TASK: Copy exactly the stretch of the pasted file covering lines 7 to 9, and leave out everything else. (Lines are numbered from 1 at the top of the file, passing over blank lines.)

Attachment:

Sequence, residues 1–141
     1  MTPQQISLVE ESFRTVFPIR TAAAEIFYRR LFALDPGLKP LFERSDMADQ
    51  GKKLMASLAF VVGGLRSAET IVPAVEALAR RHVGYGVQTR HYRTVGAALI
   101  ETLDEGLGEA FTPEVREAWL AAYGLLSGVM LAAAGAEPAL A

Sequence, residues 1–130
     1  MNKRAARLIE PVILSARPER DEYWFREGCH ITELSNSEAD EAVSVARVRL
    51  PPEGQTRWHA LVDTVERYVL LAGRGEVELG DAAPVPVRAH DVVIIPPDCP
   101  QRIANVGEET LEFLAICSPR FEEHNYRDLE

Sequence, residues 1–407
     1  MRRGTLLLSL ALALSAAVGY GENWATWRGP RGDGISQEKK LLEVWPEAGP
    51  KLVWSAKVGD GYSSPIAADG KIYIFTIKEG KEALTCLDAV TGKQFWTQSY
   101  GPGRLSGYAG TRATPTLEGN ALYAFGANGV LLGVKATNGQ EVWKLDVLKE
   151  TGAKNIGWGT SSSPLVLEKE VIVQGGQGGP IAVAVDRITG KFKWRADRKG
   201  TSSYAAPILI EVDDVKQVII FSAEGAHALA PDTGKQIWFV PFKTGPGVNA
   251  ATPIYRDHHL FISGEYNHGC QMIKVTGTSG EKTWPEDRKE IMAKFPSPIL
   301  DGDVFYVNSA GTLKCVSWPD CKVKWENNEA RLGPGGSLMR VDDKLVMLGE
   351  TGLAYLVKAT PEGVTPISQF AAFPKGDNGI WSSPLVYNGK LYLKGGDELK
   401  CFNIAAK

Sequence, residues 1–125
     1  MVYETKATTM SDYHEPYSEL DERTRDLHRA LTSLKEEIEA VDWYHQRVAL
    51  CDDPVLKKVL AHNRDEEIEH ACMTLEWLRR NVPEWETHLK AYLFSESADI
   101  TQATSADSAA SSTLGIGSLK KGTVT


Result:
    51  PPEGQTRWHA LVDTVERYVL LAGRGEVELG DAAPVPVRAH DVVIIPPDCP
   101  QRIANVGEET LEFLAICSPR FEEHNYRDLE

Sequence, residues 1–407